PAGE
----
A Few Lonely Snowflakes

photo, empty corona terrace

Falling in our frigid air, snowflakes too small to see.

And a Couple of Movies

Paris:– Thursday, 5. January 2006:– We are having pesky Orange Alerts again but as usual they do not concern anywhere in or around Paris. I think they are put on to see if we're paying attention, but there's a danger that 'wolf' will be cried too often and while we are looking the other way they will sneak one in for here – like, 'freak heatwave in January!' and we will miss it by hiding in a cool cinema.

Today if you looked at the sky you would have seen it from edge to edge, as solid gray steelwool. The temperature was low and random snowflakes were floating about, as if to say there is a hair–trigger here and one false step will plant us in snow up to our nostrils.

The outlook for Friday is much the same, with interesting variations. Through the middle for the country, from north to south or vice versa, there is to be a band of terrible gray weather, called by Le Parisien, 'rotten.' On either side it will merely be very cloudy, with some fake hints of sunshine, and it will be cold again with a forecast high of 2 degrees.

Exactly the same thing has been predicted by tonight's TV–weather news forecast for Saturday. The centre band of terrible rotten will be wider or have wiggles in other places, butphoto, reserved for members otherwise, it will resemble Friday's. But the temperature is expected to increase by 100 percent, to 4 degrees. Le Parisien calls it, 'dogs.'

Reserved for you.

Tranquility arrives on Sunday with a flat gray cover over the whole caboodle. At least, with a temperature of 5 degrees, we will be able to enjoy this weather by staying in with our eyeballs glued to TV, with its usual program of sports, variety, sports, variety and more sports. As Le Parisien comments, 'mediocre' says it all.

Club Non–dates

The club's secretary will be helping 'Ed' to rebuild Metropole over the next several weeks, in anticipation of Metropole's 11th birthday. There will be no meetings on 19. January, 26. January, 2. February, 9. February and 16. February, all Thursdays every one of them.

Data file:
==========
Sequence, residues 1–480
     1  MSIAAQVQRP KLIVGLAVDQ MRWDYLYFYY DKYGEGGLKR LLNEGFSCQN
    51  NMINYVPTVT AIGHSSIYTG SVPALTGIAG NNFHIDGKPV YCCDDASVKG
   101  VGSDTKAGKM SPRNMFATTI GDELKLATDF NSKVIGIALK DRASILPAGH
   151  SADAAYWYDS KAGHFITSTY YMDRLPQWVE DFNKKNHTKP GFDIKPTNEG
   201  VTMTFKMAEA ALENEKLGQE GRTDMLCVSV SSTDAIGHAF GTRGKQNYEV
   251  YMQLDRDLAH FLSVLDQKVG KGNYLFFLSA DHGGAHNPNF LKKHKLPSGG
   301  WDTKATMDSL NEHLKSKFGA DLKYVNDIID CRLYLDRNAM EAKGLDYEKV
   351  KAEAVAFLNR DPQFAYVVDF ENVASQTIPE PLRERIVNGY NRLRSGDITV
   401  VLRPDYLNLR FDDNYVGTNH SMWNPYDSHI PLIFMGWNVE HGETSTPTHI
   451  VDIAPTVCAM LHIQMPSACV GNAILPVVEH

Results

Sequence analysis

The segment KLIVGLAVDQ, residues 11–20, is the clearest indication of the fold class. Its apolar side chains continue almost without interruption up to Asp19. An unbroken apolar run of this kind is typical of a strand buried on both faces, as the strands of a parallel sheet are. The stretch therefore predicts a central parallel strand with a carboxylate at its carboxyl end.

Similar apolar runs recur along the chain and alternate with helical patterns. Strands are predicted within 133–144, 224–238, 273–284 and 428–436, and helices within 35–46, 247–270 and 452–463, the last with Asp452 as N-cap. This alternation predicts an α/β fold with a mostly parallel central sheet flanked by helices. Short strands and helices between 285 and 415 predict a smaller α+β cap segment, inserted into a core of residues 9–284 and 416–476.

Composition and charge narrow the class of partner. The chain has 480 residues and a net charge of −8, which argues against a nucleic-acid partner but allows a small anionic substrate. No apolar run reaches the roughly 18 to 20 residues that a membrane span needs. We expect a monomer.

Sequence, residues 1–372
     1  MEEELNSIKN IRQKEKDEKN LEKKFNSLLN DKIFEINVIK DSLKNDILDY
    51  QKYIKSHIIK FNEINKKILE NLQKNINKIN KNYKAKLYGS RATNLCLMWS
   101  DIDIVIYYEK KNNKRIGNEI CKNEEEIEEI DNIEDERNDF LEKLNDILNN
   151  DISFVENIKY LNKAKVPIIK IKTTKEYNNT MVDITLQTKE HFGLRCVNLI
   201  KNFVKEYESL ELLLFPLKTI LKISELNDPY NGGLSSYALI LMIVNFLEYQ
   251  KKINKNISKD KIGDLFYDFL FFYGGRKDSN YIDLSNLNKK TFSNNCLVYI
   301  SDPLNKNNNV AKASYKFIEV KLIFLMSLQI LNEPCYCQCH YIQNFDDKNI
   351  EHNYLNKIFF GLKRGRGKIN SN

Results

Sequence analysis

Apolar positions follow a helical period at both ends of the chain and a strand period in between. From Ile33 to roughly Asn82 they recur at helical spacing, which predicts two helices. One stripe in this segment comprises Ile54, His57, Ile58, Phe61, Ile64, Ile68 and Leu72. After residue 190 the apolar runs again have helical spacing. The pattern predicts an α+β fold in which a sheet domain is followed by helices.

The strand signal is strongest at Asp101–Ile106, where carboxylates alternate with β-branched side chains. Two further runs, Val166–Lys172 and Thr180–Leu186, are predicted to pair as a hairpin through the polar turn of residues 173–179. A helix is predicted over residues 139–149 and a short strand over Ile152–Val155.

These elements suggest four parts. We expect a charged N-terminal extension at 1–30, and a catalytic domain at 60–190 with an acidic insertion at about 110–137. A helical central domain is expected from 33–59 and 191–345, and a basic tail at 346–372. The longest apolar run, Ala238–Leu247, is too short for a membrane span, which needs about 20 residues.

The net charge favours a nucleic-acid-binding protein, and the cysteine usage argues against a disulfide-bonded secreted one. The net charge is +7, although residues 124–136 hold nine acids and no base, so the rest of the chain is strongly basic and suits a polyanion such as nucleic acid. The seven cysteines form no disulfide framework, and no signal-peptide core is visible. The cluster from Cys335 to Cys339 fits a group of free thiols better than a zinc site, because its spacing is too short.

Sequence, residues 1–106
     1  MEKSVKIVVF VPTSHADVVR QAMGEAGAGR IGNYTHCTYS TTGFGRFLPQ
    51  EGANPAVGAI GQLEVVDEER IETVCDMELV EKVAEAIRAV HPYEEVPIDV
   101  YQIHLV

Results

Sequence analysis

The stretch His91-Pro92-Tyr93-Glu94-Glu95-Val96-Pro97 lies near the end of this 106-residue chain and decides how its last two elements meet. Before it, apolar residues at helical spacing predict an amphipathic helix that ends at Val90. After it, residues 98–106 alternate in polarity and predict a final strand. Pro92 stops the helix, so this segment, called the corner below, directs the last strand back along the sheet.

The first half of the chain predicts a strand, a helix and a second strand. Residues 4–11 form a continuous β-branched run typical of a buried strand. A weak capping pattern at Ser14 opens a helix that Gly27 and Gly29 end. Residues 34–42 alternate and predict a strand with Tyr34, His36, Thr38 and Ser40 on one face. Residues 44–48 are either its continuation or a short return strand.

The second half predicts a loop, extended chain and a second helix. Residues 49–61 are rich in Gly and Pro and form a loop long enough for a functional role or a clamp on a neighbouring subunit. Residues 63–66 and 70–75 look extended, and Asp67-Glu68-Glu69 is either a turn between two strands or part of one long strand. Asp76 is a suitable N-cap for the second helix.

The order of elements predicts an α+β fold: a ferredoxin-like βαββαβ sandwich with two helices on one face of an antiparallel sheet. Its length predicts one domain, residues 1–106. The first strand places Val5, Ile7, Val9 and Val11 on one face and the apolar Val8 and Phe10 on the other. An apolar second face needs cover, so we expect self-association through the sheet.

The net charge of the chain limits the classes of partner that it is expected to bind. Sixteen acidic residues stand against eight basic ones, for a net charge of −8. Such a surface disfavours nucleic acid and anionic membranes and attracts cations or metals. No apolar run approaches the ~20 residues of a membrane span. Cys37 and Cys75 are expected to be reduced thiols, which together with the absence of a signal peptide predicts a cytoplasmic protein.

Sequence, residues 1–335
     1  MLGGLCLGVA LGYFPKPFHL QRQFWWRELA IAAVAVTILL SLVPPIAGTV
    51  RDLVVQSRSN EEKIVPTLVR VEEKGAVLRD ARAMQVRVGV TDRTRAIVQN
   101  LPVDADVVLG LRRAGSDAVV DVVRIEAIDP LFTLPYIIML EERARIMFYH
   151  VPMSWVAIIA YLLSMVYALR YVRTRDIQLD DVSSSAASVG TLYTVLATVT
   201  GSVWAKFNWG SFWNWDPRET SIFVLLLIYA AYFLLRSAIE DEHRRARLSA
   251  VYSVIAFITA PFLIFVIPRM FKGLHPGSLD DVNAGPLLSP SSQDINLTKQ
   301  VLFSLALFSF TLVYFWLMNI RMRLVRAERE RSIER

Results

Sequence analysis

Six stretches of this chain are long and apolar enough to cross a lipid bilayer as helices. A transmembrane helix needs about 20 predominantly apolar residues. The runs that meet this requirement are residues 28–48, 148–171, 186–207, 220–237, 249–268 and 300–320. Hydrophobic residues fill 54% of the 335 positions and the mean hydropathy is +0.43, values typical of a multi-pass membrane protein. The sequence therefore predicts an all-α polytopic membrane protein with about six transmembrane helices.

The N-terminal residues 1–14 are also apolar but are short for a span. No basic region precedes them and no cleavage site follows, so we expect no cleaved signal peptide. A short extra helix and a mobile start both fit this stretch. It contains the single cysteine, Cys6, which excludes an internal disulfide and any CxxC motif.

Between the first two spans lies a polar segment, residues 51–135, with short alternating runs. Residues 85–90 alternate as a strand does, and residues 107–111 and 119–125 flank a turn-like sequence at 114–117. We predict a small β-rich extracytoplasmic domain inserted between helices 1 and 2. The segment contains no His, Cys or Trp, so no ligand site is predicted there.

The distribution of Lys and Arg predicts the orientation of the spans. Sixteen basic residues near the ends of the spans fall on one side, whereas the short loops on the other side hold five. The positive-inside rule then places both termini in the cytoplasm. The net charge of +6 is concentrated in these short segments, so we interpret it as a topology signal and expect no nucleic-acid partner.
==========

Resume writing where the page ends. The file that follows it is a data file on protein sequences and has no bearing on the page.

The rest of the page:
Thursday, 23. February, is not only a Thursday but it is also the exact date of Metropole's anniversary. We can have a party at the club's café, wear funny hats, and cut each other's ties to shreds with chainsaws, because it will almost be Mardi Gras! Don't miss it.

The 'Few, Lonely Snowflakes' Report of the Week

The last thing I want to do today is go to the club meeting. My longjohns said they were going out for a minute to the laundry last winter and they haven't come back yet. They probably like it there because it's warm, or somebody is treating them nice.

A glance out the window suggests there is a blizzard over the cemetery but it is mostly dirt on the glass, and a few flakes floating around in indecision. I guess it was a 'light' snow, with somephoto, club view, quai, institut de france of the tiny flakes floating up. Tonight's TV–news will say that France is still having a drought and that we should forget any idea we have that snow contains water. That's right – what you think is snow is really cold puffs of steam, sort of frozen.

The outside we are not out in, if we are in the club.

But on the way, going past the actual cemetery, those flakes I saw were hiding. I made it all the way to the Métro at Raspail without seeing one snowman. Then the exciting ride underground began, and was over all too soon, at Odéon.

Paris is a great place when it's cold. The stone blocks on the Pont Neuf have a warm color when they are not glistening wet. And there was a cold breeze blowing upstream from the Musée d'Orsay which I expect will be blowing downstream from the Hôtel de Ville by 16:00 when I am sitting high and dry in the club's café.

In the main I scoot straight along to the club's café. When I arrive the entire crew are glumly looking at their entire collection of clean, empty glasses. Chairs are sitting around with nothing to do and the lady of the kitchen cubbyhole in the cellar is having a siesta.

The grande salle, in total contrast to last week, is occupied solely by the old man reaing his paper, while his table holds up his bowl of beer. The emptiness of the large room is stunning. The fronds, with nobody present to enjoy their languid waving, are limp. It is two minutes to forever.

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